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Durand Cup Despatch: Fogged Up Vision for a Goal Flourish by a ‘Poor, Middle-Class Club’

Mohammedan Sporting beat Indian Navy 6-2 in a rain-drenched Durand Cup match, even as fans lamented the legacy club’s weak state of affairs and the facade it is forced to carry thanks to its rich history.

The Mohun Bagan stadium press box fogs up when it rains, leaving the journalists in the realm of fiction. One thing may have happened on the field, but another was seen.

The players warm-up before a football game has no structured time.They come out for a warm up and kick about dependent on when the coaching staff feels. They stay on for as long as the coaching staff feels. There is no defined set of directives that mention exactly how long before a game the players can come off and practice, and how long before they must go in to change. A game being broadcast live will start at the allotted time (flexible for a few minutes both ways) but no one can tell how long the teams will stay out. The Indian Navy players trudge off to change before the Mohammedan Sporting men.

When everyone is off the field, and as the officials walk on, the barefoot hawker wearing a dhoti, selling the lemon tea, recognises and acknowledges me. We have seen each other for four days in a row at separate venues, and different games. We have no affiliations when it comes to football. Both of us are doing a job. One of us genuinely enjoys the perks that come with it. Both of us are privy to conversations that are acceptable only at a football game. Heard in the first half of Mohammedan vs Indian Navy:

“Shot keta marchish? Punjabi?” [Who hit the shot? The Punjabi?]

“Haan Punjabi.” [Yes, Punjabi]

“Indian Navy ki stamina!” [Indian Navy has great stamina!]

“Ki naam? Harbhajan?” [What’s his name? Harbhajan?]

For the record, the Punjabi’s name is Sarbjith Singh, and the Indian Navy’s stamina is considerable because the Navy has no off season and no pre-season.

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East Bengal beat Jamshedpur in the Durand Cup but lost to George Telegraph in the Calcutta League. The first is a national headline, the second dominates the local language papers. Most of the fans would prefer them winning the Calcutta League to the Durand Cup. Winning the league would show more consistency. But winning the Durand would delay the introspection. Or at least, kickstart the season.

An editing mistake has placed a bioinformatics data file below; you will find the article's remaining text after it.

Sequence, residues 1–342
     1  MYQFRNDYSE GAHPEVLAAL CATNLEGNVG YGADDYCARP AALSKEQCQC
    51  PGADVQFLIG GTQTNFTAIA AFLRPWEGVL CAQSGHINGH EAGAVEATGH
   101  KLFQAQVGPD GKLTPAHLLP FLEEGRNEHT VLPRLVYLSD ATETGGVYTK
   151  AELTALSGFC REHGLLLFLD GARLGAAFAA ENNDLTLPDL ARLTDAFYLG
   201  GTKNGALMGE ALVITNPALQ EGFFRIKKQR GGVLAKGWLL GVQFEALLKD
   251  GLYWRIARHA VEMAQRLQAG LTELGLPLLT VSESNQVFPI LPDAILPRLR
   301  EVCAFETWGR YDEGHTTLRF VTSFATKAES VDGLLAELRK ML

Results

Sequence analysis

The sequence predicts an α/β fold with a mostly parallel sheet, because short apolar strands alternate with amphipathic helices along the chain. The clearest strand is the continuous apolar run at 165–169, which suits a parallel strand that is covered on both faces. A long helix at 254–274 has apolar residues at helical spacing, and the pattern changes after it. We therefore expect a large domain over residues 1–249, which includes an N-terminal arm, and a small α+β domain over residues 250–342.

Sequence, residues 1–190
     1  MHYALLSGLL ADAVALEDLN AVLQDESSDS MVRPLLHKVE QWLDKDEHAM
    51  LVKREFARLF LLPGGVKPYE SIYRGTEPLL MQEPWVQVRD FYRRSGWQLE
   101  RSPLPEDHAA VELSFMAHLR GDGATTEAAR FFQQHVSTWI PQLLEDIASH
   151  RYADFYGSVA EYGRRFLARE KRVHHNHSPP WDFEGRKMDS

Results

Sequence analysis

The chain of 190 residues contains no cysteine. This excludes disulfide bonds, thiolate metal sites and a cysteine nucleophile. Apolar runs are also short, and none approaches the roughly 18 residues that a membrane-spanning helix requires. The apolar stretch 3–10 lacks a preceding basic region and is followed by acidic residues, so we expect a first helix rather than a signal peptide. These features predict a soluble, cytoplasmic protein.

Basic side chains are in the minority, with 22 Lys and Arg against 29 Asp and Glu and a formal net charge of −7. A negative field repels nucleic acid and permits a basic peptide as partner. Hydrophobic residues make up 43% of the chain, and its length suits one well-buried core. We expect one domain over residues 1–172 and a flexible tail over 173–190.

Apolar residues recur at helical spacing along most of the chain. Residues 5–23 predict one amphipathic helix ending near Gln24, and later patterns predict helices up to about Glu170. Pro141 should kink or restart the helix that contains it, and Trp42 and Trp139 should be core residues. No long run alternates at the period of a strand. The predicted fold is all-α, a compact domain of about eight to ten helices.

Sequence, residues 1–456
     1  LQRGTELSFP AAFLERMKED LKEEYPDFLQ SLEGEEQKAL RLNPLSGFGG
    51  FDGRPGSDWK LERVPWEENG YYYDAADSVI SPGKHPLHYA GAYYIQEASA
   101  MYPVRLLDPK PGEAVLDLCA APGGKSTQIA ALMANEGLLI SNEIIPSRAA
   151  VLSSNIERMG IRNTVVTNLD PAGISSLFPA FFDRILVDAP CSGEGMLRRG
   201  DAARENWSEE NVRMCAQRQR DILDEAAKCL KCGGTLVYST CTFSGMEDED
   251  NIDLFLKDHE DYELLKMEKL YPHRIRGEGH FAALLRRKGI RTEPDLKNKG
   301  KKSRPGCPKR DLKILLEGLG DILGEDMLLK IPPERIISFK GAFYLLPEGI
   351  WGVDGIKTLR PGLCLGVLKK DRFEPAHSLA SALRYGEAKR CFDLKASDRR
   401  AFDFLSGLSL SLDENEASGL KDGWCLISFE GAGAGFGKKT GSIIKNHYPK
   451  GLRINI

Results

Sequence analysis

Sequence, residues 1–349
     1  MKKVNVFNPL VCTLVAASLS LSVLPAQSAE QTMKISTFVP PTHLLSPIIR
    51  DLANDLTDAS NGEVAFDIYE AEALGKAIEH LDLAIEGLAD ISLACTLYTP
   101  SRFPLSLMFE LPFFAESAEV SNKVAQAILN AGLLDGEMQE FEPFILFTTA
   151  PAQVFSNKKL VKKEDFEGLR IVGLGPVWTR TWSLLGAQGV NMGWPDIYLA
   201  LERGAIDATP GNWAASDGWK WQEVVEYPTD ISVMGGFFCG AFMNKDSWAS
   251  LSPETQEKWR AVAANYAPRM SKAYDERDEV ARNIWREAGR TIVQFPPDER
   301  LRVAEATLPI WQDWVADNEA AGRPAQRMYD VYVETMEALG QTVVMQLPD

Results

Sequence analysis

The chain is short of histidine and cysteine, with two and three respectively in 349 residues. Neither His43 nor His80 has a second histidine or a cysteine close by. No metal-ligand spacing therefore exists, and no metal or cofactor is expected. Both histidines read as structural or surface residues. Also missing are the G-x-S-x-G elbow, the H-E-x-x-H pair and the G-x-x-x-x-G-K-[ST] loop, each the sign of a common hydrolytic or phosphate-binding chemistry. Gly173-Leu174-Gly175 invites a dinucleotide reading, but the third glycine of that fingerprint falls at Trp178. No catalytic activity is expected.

Even in the press box for the Mohammedan game (at Mohun Bagan!), the conversation is about East Bengal’s 0-1 loss to Telegraph. The season is only two games old, but everyone is speculating if Telegraph could win the league.

The Bagan press box is an architectural miracle. It was designed as a metal container with transparent sides, which could perhaps be detached in an apocalyptic event and sent up to space. Everyone inside talks about the game, but not really. It is mostly in questions. Who made that pass? Who was that header by? What happened? Tell me if anything of note happens.

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The answers to these questions are always divergent. It is the manner of delivery that settles its correctness. How emphatic are you that No. 23 hit that cross for the header? Are you sure it couldn’t have been 26? How about 22? Punjabi? As the game goes on, the effect of the AC is clearly visible on the glass. It fogs up. Now, we are in the realm of fiction. One thing may have happened, but another was seen. It remains to be seen what will be remembered. The press box lives by Marquez’s lines.

There is an Indian Navy fan contingent at the game. It consists mostly of cadets wearing Indian Navy t-shirts. They create a stir with some chanting, loud screaming and general excitement every time their team launches an attack. The Mohammedan fans stay silent. Best they do. In the first half, Navy have 10 shots at Mohammedan’s goal. There is a one-on-one, a header off the crossbar, an empty net, two goalline clearances, and one exquisite bit of play that ends with a shot dragged wide. It’s ridiculous that Mohammedan aren’t down by at least four goals. 

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“Gareeb ko hamdardi milti hai, aur ameer ko khushi. Middle class ka kuch nahi hai,” an out of job Hindi teacher driving an Uber had once told me in Delhi. A thousand kilometres away, a Mohammedan club official echoed a similar thought. He complains that they are a poor club forced to be middle class, because they can’t look poor. Keeping up appearances is a middle class necessity.

At the game the hawker offers me tea. He waves the money away. “Jaise eith ka jawaab pathar se hota hai, waise hi garmi ka jawab chai hota hai [Just like the answer to a brick is a stone, the answer to heat is hot tea].” It is hot. It is humid. There is a threat of rain, but it hasn’t rained yet.

For all of Navy’s first half brilliance, Mohammedan score the opener in devastating smash and grab fashion. Their supporters go wild! Shirts are ripped off, umbrellas are thrown in the air. Within five minutes of the goal, a torrential rain belts down. For the third Mohammedan Sporting game in a fortnight, there will be heavy rain. Some of the cadets scuttle for cover. From the press box window the game resembles a Monet painting. Mohammedan score six, Navy twice.

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